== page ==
We are extremely excited to welcome back Claire Meyerhoff not only as a guest blogger, but as a resident of North Carolina! Take it away Claire! ~Kivi
When you (don’t) assign, you make an….
Felix Ungar once said, “When you assume, you make an ASS out of U and ME.” This magnificent line is from a classic Odd Couple episode where Felix acts as an attorney for himself and his roommate, Oscar Madison (they faced ticket scalping charges). I’ve heard people (mainly guys) say that line a million times over the years (with gestures), starting with my Long Island high school guy friends/Odd Couple fans (Sal and Mooda, I’m talking to youse), and it always reminds me to NEVER assume!
Never assume what?
The usual. Never assume your friend “knows” what time your flight arrives if you haven’t sent a text or email with your info or that your son has walked the dog. Then there are all the instances in nonprofit marketing/communications when we should NEVER ASSUME…
….your donors know (and care about) all the nitty-gritty details of your org’s mission.
…your supporters actually read your last email or Facebook post.
…your staff member/volunteer knows what you mean when you say, “write an article about (whatever) for the next newsletter.”
Example: You ask Murray to write a story about your org’s new public safety workshop and then Murray spends way too many hours worrying about it, thinking about it, writing a first draft, writing a second draft, asking his wife for help and finally, he submits some quasi-coherent and way-too-long piece of copy. All you get is an article that’s not even half as good as what Oscar Madison could churn out when he was in junior high, because Oscar was a natural journalist and Murray is a retired cop who now volunteers at your org.
So, instead of ASSUMING try ASSIGNING.
“Murray, you know a lot about the new public safety workshop. Would you please write up three of the best tips for safety this summer and we’ll put those in the June newsletter. I need them by tomorrow at 3pm because Gwendolyn is editing everything right after that.”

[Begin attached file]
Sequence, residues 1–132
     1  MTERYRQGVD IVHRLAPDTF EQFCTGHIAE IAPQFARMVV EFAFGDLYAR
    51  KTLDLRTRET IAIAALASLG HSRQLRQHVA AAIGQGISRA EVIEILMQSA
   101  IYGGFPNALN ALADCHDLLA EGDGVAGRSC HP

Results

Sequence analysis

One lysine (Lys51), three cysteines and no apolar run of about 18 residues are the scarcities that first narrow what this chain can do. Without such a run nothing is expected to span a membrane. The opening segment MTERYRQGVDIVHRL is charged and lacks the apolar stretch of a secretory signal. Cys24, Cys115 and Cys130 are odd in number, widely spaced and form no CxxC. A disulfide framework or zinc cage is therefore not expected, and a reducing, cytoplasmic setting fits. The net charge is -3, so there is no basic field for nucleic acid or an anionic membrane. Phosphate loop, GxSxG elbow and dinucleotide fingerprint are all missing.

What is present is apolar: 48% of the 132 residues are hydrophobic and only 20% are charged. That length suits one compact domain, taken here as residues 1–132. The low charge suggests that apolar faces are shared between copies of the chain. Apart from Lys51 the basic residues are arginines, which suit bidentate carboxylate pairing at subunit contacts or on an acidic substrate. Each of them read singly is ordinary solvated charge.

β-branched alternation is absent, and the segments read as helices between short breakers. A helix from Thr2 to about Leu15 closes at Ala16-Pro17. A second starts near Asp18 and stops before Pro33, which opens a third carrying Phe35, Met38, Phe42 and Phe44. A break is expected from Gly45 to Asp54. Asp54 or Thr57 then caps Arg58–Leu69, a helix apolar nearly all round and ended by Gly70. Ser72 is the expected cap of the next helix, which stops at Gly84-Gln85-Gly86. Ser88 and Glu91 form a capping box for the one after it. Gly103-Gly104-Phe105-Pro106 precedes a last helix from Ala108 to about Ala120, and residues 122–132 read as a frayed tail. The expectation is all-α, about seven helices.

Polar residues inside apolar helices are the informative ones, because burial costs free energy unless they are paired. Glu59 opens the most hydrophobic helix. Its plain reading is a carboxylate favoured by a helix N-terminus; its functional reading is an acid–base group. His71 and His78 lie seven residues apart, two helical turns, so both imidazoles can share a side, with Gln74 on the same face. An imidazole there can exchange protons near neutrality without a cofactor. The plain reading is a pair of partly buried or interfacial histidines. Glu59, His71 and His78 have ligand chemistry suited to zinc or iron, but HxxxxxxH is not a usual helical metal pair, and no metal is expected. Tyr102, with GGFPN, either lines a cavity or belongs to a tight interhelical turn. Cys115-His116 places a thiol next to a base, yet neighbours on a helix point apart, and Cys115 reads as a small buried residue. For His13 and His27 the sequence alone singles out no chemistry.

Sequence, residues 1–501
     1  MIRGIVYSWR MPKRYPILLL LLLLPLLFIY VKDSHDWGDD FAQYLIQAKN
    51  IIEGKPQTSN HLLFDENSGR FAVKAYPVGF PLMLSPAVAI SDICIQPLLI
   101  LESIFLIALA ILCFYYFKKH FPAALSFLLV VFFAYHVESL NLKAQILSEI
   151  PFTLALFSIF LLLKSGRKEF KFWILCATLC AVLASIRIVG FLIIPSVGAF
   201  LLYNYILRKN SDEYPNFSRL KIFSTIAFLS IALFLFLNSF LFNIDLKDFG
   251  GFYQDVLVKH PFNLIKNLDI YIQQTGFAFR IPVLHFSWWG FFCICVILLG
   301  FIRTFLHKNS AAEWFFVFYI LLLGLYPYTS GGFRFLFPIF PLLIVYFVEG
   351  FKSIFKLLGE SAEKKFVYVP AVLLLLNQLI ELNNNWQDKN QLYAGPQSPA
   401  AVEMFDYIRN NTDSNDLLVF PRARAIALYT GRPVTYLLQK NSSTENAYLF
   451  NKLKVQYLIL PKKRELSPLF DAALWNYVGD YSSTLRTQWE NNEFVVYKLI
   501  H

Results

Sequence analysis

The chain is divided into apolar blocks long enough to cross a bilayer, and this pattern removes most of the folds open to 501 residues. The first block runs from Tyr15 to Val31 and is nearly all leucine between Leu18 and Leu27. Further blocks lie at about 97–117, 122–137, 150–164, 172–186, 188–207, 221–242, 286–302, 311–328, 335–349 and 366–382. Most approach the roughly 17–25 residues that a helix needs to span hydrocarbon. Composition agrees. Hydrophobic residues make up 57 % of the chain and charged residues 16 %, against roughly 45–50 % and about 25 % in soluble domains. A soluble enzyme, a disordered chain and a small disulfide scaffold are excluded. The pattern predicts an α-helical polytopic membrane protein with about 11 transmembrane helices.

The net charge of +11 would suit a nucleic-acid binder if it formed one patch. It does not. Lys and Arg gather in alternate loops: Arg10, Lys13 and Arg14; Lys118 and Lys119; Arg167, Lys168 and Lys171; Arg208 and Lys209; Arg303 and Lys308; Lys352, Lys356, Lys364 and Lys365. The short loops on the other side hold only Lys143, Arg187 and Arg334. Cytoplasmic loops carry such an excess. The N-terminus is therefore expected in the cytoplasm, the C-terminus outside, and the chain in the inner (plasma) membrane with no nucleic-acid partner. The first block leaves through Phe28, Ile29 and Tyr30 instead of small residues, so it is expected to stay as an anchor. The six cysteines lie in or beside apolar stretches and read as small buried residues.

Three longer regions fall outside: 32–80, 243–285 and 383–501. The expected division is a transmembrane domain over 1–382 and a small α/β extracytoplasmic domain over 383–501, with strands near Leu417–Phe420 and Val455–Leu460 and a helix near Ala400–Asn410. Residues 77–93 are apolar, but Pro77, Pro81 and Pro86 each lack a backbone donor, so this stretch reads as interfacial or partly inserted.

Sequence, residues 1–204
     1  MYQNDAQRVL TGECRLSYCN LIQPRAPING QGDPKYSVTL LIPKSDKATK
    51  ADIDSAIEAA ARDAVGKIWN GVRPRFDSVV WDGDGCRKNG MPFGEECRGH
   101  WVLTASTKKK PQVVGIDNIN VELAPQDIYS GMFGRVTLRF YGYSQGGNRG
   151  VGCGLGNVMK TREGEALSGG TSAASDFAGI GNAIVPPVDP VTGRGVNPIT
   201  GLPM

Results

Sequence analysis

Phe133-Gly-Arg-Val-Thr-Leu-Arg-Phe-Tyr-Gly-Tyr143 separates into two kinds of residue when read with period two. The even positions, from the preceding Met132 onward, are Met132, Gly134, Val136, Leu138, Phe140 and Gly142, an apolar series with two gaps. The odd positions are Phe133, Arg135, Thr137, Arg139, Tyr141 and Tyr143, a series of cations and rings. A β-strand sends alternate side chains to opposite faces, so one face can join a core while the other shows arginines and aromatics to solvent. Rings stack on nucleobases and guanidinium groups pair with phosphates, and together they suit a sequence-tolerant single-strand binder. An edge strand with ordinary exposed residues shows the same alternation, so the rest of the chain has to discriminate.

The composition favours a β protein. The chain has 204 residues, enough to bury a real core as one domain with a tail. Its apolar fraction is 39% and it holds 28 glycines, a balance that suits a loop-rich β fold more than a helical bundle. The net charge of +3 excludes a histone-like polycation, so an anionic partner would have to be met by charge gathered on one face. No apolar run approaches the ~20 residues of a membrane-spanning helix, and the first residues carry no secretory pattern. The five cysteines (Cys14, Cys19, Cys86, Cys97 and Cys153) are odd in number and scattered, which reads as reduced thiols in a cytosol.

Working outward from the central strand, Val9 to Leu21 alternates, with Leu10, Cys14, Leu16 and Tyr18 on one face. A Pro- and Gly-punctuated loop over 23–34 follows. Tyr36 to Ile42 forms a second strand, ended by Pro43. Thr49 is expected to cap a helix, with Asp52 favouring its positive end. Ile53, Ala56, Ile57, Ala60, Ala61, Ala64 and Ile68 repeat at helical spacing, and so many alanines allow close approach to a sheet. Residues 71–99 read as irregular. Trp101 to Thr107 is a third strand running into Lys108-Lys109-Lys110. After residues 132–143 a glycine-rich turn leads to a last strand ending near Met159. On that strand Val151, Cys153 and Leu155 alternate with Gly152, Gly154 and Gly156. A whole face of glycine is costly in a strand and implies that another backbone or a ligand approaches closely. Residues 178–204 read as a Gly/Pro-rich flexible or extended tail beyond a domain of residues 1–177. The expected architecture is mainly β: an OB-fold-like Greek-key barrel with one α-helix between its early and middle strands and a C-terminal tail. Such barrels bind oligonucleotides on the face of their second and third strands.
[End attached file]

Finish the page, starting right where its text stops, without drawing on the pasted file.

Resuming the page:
So now, all Murray has to do is come up with his three safety tips. All Gwendolyn, the editor, has to do is write a lead and a closing paragraph that hits all the key points about the new workshop. If you’re tasked with editing a newsletter, you KNOW this is easier than EDITING Murray’s article and you won’t offend him in the process.
Some people CAN write fantastic articles without any guidance, but in a lot of cases, they don’t really have the time. Assigning works well in this case, too. I just assigned something to my good friend Dave Marcus who is a Pulitzer prize winning journalist, book author, speech writer and New York PR guy. I asked him to give me his THREE BEST TIPS for breaking writers block and to give me real life examples for each. Kivi and I know that many of you feel the pain of writer’s block on many occasions.
I could have asked Dave to write an article about writers block, but he’s a busy guy. This way, I can take his tips and write a useful blog post for my friend Kivi, her stellar website, and you…
(Note to Dave, I need those tips within 24 hours after you read this, thank yew.)
Claire Meyerhoff is Director of The PG Agency, specializing in planned giving communications, marketing and public relations. Her next speaking gig is the April 30th-May 1st North Carolina/South Carolina Planned Giving Council conference in Hendersonville, NC. Find her on LinkedIn and Facebook.